Illustration by Natasha Thompson
The Mooncup is a menstrual cup. Yep, a rubber cup that collects period blood. To the uninitiated I accept that this sounds a little gag-worthy – but before you slam your laptop shut in disgust, allow me to explain why I, and thousands of other women like me, have fallen in love with the Mooncup.
Firstly, a few facts about sanitary waste. Did you know that 200,000 tons of sanitary towels, panty liners and tampons are thrown and flushed away, ultimately ending up in landfill every year? Normal tampons and pads are pumped full of pesticides, bleach and toxins which have been linked to Toxic Shock Syndrome and all sorts of health related nasties too. The Mooncup eliminates all sanitary waste, and it’s made from medical grade silicone rubber. It is latex-free, hypoallergenic and contains no dyes, bleaches or toxins…but…
I’ll get back to waxing lyrical about the benefits a little later but, for now, I’m going to get right to the ‘but’. The biggest challenge of the Mooncup is getting to grips with your own blood, your own bodily fluids. Bodily fluids. It even sounds gross. In fact, lots of women (and most men) are pretty grossed out by periods. Stiff upper lip. The less said the better. But this slightly squeamish automatic gag reaction does nothing to help women develop a healthy view of their period and does a very good job of lining the pockets of the sanitary protection manufacturers. Periods are a totally normal, actually quite amazing, occurrence that half of the population deal with at some point. I’m not saying it makes them easy. Or pleasant. Try telling me about the beauty of periods when I’m curled in the fetal position in the throes of bad cramps wishing to rip my own womb out. No, they are not easy. But I have to remind myself sometimes that periods are in fact a brilliant thing, part of a miracle of human biology, and I think lots of women would do well to occasionally remember that.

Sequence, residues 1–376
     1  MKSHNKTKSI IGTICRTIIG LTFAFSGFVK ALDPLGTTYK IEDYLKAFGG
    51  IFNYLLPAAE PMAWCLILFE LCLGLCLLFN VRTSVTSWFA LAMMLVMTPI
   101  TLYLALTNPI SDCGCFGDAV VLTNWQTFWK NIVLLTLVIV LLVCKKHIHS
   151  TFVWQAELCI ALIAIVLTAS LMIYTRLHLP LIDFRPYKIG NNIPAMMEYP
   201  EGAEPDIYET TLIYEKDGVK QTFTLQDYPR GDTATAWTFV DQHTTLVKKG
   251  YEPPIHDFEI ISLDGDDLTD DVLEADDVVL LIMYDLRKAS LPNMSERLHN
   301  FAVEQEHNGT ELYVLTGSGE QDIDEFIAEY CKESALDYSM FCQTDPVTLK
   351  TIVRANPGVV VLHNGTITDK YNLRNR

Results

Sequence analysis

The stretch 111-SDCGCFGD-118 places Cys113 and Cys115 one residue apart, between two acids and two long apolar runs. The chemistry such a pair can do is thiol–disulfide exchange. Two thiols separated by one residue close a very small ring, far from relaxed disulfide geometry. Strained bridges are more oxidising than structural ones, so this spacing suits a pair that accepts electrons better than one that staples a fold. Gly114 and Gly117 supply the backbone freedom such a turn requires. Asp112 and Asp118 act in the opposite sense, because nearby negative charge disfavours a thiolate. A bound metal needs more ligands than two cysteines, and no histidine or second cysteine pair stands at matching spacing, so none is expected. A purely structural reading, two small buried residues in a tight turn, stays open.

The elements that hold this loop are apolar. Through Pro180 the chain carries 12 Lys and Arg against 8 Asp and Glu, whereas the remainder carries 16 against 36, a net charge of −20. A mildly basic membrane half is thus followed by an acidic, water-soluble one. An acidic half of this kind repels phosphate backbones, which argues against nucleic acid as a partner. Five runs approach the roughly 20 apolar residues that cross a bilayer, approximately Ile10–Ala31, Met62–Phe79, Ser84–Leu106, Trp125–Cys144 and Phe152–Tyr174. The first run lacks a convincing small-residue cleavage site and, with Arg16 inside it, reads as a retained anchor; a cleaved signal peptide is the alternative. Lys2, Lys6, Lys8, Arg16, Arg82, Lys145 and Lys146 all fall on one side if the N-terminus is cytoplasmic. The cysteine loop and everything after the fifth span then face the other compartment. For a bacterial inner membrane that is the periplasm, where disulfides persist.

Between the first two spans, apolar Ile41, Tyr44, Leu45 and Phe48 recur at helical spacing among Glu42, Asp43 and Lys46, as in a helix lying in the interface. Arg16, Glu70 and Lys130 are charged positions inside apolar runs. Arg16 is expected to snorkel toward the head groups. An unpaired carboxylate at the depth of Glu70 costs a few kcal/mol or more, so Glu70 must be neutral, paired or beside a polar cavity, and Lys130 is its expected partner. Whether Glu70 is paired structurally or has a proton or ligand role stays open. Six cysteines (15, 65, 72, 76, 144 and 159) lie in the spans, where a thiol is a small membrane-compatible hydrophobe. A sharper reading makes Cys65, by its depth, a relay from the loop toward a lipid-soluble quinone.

Illustration by June Champoomidole
It may sound odd but the Mooncup has helped me feel better about my period. You see what it actually looks like. How much there is. And it’s not so bad. It makes periods more comfortable and cleaner too. I don’t feel as grossed out by it. In fact, I’d go as far as to say I actually feel more empowered. And the language I use when I talk about it has improved as a result. When I talk about language I don’t mean the euphemisms for period (Aunt Flo, jam rags, etc,), I mean women who are on their periods referring to themselves as ‘crazy’ and ‘mental’. Most women who refer to themselves as ‘mental’ are perfectly sane, thankyouverymuch. Hormones increase, yes, making feelings more intense, but the large majority of women are not ‘mental’. Women have been peddling back from being labelled as crazy for the last 100 years, and likening period- related hormonal changes to a serious psychological illness reinforces the ‘crazy’ stereotype and, along with the squeamish period-related gag reaction, is yet another way that women put themselves down. I know that when women say these things most don’t actually mean that they are having a mental breakdown, or want to section themselves. I’m just not sure about the latent, or not so latent, message that this language portrays, and I wish that there was some more positive, self affirming views in the mix too.
Illustration by Faye West
So, in summary: